That’s one of the reasons I came up with my “Creative Calls” with my client stations. I have these calls with either the PD or the imaging producer about once a month for half an hour to 45 minutes to talk about what’s coming up next week, next month, and next quarter. These days, with fewer bodies in the building, there’s less brainpower to use in coming up with fresh ideas or fresh takes on old ideas. I also use it as an opportunity to stay connected to that local market. I think it’s what keeps me in place when someone up the food chain starts thinking about making changes. I try to bring more to the table than just a great read.
What gear do you use on the road? In your studio?
My studio set up is a Sennheiser 416 running through a Grace Design M101 to a Focusrite Scarlett 2i4. Sound Forge is my primary audio editor for single-track stuff. For the road, I have a 2nd Sennheiser 416 so I have the same mic at home and on the road without disassembling anything in my booth. It feeds a RME BabyFace Pro that can work with either my PC laptop or my iPad.
Inside Drake’s VO booth!
Which production system do you use and why? Any favorite plugins?
When I do occasionally produce, I use Reaper. It’s the most similar to the old Sony Vegas which I used exclusively for audio production when I was at a radio station. Now that Magix owns Vegas, it’s gone downhill. Ever since version 10, I’ve had a fatal error that crashes the application. No matter what version of Vegas I use or what PC I’m on or how much RAM I have installed, I’ll go so far into a session and it will just freeze up and stop responding. I’ve also had issues with Waves plugins not playing in real-time. Kinda hard to mix something when you can hear the playback while tweaking the settings.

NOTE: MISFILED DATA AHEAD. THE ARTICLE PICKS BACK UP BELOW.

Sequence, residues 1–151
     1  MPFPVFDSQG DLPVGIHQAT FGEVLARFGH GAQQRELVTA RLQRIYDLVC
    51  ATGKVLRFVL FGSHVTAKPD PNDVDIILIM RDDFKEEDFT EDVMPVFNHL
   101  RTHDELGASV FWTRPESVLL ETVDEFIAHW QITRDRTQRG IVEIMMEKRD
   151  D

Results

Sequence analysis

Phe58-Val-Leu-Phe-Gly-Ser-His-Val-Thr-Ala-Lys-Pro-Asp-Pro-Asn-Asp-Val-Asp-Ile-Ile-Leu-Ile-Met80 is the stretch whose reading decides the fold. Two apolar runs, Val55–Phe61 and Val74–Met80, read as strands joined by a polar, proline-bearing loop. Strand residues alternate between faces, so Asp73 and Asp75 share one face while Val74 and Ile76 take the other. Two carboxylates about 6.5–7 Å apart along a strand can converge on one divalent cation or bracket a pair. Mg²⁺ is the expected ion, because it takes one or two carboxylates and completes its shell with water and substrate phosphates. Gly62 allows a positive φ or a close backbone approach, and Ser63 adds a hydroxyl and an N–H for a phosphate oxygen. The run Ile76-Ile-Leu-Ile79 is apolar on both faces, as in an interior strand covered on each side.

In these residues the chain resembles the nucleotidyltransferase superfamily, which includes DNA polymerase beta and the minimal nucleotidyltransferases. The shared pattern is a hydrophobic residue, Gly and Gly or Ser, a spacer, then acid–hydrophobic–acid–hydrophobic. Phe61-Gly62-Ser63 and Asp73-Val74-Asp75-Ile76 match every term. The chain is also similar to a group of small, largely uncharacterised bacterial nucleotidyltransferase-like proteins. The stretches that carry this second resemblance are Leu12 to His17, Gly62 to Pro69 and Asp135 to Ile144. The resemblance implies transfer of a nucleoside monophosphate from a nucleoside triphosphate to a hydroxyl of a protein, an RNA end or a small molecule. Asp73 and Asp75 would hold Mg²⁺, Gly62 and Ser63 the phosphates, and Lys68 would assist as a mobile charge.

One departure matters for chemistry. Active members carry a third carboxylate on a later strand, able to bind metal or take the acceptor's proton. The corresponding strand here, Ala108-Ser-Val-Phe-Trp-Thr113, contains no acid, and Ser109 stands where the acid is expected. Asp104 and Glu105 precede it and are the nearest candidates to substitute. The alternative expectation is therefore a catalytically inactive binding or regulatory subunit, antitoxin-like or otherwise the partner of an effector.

Have you ever had a voice coach? Would you recommend it?
Yes. And yes. A lot of what I did early on was learning thru osmosis. But that only took me so far. I really needed to get some coaching, especially as I began to explore voiceover work outside of radio imaging. Thanks to Benztown, I’ve had some one-on-one time with Marice Tobias which was incredibly valuable. I’ve also worked with coaches for commercial scripts, narration, and animation reads. I thought that just sounding conversational would do it, but there is still a difference in radio imaging from other forms of VO.